Teaching and Real Wages

Here in South Dakota, we are regularly reminded that we are unkind to our teachers (in comparison with the treatment that teachers in other states receive).

Based on the 2007 – 2008 numbers from the NEA, South Dakota paid an average of $36,674 to its teachers, placing it dead last in the nation (and $4,000 behind North Dakota).

Let’s do a bit of calculating here. If a teacher spends about 180 days in school during the school year with 8 hours per day, that would give us a total of 1440 hours. To make this easy on us, let’s round it up to 1560 hours to cover some long days, in-service days, etc. Now we have a number which is precisely three quarters of the standard number of work hours in a year (2080).

Working from that, let us divide $36,674 by .75 to get a calendar-adjusted salary for these teachers. We end up with $48, 899.

If we compare this with the median income of a single-earner South Dakota household in 2007 (which was $31,605) it would appear that teachers may not be doing so poorly here after all.

A few things to remember with all of this.

  1. The number of hours an individual teacher works in a year may vary greatly from the number above, but the number seems reasonable for a working average.
  2. Teachers are not the only ones who have to get certifications orĀ  work on additional degrees while holding down their jobs. This is very common for many (if not most) full-time jobs. Some costs are carried by employers and some by the employee (this is true across industries).
  3. Teachers are also not alone when it comes to taking work home to complete on the evenings and weekends.
  4. Not all teachers get part-time jobs during the summer, but the opportunity is definitely there. For those who choose not to work during the summers, they have made that decision to not receive additional income.
  5. Salaries do (and should) vary based on the cost of living within particular regions. For it to be otherwise is to ignore the realities of regional economic differences.
  6. I am not saying that we should necessarily pay teachers more or less based on any of this. I am saying that we should keep things in perspective.

5 thoughts on “Teaching and Real Wages

  1. But remember, teachers are not limited to the choice between low-paying SD teaching jobs and even lower-paying non-teaching jobs with arguably longer hours. They can also choose to do the same amount of work (whether it’s the over-minimized amount you figure or not) in another state for more money. (And no, South Dakota’s supposed lower cost of living doesn’t make up the difference, as shown here and more recently here.)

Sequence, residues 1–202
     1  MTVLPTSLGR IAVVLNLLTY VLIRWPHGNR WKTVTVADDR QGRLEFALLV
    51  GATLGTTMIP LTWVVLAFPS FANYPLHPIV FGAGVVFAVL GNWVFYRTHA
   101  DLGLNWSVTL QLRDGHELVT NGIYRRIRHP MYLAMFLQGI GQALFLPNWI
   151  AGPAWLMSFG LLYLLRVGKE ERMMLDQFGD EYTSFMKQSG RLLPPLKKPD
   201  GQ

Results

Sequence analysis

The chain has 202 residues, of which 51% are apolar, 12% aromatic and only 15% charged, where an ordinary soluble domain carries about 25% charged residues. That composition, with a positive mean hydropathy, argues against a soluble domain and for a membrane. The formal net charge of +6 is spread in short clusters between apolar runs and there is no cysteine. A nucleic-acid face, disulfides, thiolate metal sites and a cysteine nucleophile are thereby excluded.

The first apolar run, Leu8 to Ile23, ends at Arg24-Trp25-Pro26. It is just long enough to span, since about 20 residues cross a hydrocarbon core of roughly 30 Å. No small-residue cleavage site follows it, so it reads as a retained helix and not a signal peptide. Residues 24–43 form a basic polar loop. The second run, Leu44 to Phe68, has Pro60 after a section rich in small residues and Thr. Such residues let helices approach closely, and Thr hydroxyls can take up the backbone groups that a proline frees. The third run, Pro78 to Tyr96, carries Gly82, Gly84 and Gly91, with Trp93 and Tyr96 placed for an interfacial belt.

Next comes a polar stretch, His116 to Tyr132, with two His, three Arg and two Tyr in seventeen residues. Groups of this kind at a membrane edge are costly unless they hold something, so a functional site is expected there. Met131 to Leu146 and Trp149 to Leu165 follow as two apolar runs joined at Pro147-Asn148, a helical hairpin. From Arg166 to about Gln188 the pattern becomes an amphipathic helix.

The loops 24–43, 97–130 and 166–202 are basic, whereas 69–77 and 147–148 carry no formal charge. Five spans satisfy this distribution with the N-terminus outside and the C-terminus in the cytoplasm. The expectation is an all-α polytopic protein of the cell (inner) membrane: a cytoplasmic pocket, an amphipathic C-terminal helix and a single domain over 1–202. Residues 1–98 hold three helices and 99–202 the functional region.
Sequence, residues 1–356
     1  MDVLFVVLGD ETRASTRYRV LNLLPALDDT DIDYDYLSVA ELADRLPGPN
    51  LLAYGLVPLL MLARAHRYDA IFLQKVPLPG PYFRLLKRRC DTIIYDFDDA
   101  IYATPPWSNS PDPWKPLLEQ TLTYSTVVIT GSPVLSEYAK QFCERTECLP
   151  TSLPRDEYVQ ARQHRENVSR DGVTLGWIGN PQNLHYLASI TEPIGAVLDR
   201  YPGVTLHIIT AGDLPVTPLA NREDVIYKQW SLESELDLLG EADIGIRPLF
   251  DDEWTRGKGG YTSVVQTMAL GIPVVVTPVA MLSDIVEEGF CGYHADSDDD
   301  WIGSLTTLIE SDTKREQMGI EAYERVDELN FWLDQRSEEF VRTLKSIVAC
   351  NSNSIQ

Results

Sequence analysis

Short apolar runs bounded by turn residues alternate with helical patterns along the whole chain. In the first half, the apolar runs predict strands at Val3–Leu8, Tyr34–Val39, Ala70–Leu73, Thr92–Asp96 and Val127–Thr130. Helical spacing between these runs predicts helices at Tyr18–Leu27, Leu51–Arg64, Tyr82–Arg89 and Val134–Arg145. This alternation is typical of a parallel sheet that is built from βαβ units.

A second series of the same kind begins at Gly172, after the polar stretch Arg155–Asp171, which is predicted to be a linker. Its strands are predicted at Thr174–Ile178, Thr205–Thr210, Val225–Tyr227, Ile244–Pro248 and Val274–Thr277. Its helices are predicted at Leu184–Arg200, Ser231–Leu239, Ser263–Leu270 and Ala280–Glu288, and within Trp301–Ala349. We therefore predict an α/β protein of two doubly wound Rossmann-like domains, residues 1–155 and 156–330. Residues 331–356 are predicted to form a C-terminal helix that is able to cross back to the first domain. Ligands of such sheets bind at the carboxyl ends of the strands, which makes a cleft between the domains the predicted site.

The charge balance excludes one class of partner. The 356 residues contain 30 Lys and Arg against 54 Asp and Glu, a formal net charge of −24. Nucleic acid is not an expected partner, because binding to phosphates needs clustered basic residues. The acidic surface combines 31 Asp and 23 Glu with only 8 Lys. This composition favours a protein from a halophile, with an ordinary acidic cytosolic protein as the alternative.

[By the way, can you come to our SD Blogosphere Open House on July 25?]

  2. CAH,

    Yes, they can indeed choose to go elsewhere to make more money–the beauty of the market.

    SD does not have a “supposed lower cost of living” unless the costs associated with food, housing, etc are not real. These lower costs not make up the difference, as you put it, but the lower costs (placing us 6th or 7th in the nation) do exist.

    Regarding the Open House, I am not certain at present. I’ll need to consider my schedule and let you know.

  3. Yet with all the bemoaning the low pay of teachers and the “under funded” government school system, South Dakota ranks as #2 in the nation in public education.

    Its not broke… let’s not “fix” it.

    Washington DC has the highest per student cost for K-12 education in the US. They have an over 50% drop out rate and the some of the poorest test scores in the nation. The average high school graduate reads at the sixth grade level.

    To put it simply…. “It ain’t the money.”

  4. Money is not the answer to educational ills. In some ways it would be much simpler if it were. Teachers good, bad, or indifferent can only do so much. I would be interested to know how many of the dropouts in DC, or anywhere else for that matter, have parents who even care how their children are doing in school. Responsible caring parents are an endangered species.

  5. Rick and Noelle,

    Yes. Money is not the answer. However, the current federal administration is having none of that. To all of those people, money is the answer to the question–whatever the question might be.

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